Padma 08-05-12 10:25 AM

I'm surprised so many people are against sidewalk cycling. In my area it is legal and I try to take the sidewalk whenever I can. I've rarely encountered even one pedestrian on my commute but there are plenty of adult cycling commuters taking the sidewalk. The only cyclists I see using the road are the pointy helmet spandex suit $5000 racing bike kind. Regular commuters always take the sidewalk.

PTStork53 08-06-12 04:22 AM

Oh I agree... common sense has got to prevail sometimes, but if it's safe to ride the road, I'm taking that route.

PTStork53 08-06-12 04:24 AM

Gotta do what's comfortable for you, I'm sticking to the road.

manapua_man 08-20-12 12:01 PM

Honestly, I don't see what the big deal is as long as its legal, and you're riding at speeds that are reasonable for the situation at hand. Some places over here have wide, barely used sidewalks while the roads they're next to are narrow, have sharp turns with almost no visibility and traffic moving at 50-60mph. No way in hell I am getting on the road in places like that. If the road isn't dangerous I'll use it, and if I jump on a sidewalk to get over to a store or something its really not that big a deal to slow down a little and pay attention to any foot traffic.

Stealthammer 08-20-12 04:39 PM

Last Saturday Apache and I grabbed the Opie and rode into Zionsville to checkout the Farmer's Market, and I actually broke one of my cardinal rules and rode the last three miles on a sidewalk because there is just no margin available, and because of the heavy traffic we were causing many of the drivers a great deal of trouble as they had to pass us one car at a time even though they were coming from both directions. I believe that is the first time I rode on a "sidewalk" in four years and maybe even ten years or more, although in the area that I live many of the sidewalks are being constructed as MUPs, and I do use those occasionally when there are no other users on the trail.

I will however start using that one stretch of sidewalk on weekends to avoid being a nuisance to the drivers, so I guess after nearly 20 years of saying that bicycles don't belong on sidewalks, I have re-considered my opinion and will now state that there may very well be times when a bicycle should opt for using the side walk to avoid being a nuisance to the drivers using very narrow roads.

ryanmm 08-20-12 08:29 PM

I'm very selective about riding sidewalks, along my usual routes there's only one area where I ever ride them. It's suburban-bordering-rural, a high speed road, with no pedestrians and next to no curb cuts. Drivers aren't used to and aren't looking for cyclists either. But there are nice, wide sidewalks that are in good condition. If I ever do come across a pedestrian around there I will dismount and walk the bike...I actually walk more than I ride and am annoyed when cyclists don't do so (which is pretty much all the time).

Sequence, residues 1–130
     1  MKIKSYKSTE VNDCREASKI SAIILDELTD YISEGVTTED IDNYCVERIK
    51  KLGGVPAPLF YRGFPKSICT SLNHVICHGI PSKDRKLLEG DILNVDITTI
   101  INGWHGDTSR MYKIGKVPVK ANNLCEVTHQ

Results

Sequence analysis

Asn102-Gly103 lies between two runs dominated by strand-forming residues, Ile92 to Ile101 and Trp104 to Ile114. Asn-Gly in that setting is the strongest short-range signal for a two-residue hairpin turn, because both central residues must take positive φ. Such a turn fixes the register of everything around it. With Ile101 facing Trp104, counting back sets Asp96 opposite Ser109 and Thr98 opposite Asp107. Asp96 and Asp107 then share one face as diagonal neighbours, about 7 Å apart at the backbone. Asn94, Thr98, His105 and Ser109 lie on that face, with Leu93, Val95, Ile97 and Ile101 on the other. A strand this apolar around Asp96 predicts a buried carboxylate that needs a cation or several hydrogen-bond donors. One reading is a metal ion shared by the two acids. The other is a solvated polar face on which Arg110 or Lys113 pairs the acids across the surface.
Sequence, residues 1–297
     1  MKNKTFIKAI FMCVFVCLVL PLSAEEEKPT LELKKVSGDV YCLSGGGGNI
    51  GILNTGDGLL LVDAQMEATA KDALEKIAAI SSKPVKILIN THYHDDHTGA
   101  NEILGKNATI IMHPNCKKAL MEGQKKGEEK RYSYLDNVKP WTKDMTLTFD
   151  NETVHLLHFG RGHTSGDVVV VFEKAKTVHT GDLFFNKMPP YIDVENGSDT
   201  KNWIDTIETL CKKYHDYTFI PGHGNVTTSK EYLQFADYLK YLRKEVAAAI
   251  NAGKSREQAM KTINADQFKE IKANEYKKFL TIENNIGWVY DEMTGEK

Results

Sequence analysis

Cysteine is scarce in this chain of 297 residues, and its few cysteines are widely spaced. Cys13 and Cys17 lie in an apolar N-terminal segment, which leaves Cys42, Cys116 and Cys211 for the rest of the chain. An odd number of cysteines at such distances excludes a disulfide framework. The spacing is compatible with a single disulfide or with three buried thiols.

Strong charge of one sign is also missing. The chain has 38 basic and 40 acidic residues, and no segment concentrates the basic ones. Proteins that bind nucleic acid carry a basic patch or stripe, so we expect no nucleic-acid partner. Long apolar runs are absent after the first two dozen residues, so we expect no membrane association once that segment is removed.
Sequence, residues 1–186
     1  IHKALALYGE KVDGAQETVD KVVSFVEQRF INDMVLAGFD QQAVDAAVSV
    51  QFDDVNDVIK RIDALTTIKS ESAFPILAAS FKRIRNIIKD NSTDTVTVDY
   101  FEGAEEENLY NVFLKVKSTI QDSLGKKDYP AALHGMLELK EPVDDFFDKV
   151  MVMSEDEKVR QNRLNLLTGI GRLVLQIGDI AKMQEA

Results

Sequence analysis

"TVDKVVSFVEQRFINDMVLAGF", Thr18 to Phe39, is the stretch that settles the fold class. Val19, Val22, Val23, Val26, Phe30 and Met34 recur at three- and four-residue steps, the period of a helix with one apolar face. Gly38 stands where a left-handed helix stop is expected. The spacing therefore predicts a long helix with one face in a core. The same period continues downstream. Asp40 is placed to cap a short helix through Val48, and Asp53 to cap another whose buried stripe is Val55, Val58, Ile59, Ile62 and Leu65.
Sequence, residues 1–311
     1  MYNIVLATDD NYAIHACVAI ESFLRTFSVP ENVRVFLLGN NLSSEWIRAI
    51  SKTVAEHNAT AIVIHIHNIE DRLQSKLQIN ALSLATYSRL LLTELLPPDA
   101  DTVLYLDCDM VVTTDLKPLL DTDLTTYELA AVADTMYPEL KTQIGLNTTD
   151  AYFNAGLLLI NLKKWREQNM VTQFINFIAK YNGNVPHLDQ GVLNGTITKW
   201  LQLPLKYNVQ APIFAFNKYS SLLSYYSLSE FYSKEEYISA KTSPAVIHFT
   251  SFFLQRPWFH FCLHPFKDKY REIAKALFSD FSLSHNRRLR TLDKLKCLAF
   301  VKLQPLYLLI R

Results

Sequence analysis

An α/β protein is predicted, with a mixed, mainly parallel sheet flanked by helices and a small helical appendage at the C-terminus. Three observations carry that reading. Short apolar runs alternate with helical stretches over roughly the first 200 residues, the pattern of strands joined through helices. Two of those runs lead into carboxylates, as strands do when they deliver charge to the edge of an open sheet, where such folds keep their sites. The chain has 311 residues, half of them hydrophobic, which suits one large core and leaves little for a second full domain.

northernlights 09-18-12 07:21 AM

Quote:

Originally Posted by nick burns (Post 1082581)
Are there really that many people riding regularly on the sidewalk instead of the road? I've been riding an awfully long time & the only people I see on the sidewalk are kids.
I think most adults realize that sidewalks were made for pedestians not bicyclists.

and the street was made for cars, not bicycles.

of the dozens of bicycle related deaths I have read about thru the years, in virtually all cases the cyclist who died or was severely maimed was riding on the street in traffic. how come I never hear about cyclists who get killed while riding on the sidewalk?

Dodgensince74 09-18-12 10:21 AM

Quote:

Originally Posted by northernlights (Post 14744972)
and the street was made for cars, not bicycles.

of the dozens of bicycle related deaths I have read about thru the years, in virtually all cases the cyclist who died or was severely maimed was riding on the street in traffic. how come I never hear about cyclists who get killed while riding on the sidewalk?

That may be because majority of the time while riding on a sidewalk the cyclist are doing the hitting and not getting hit, how often do you hear of auto driver being killed or injured when they hit a cyclist?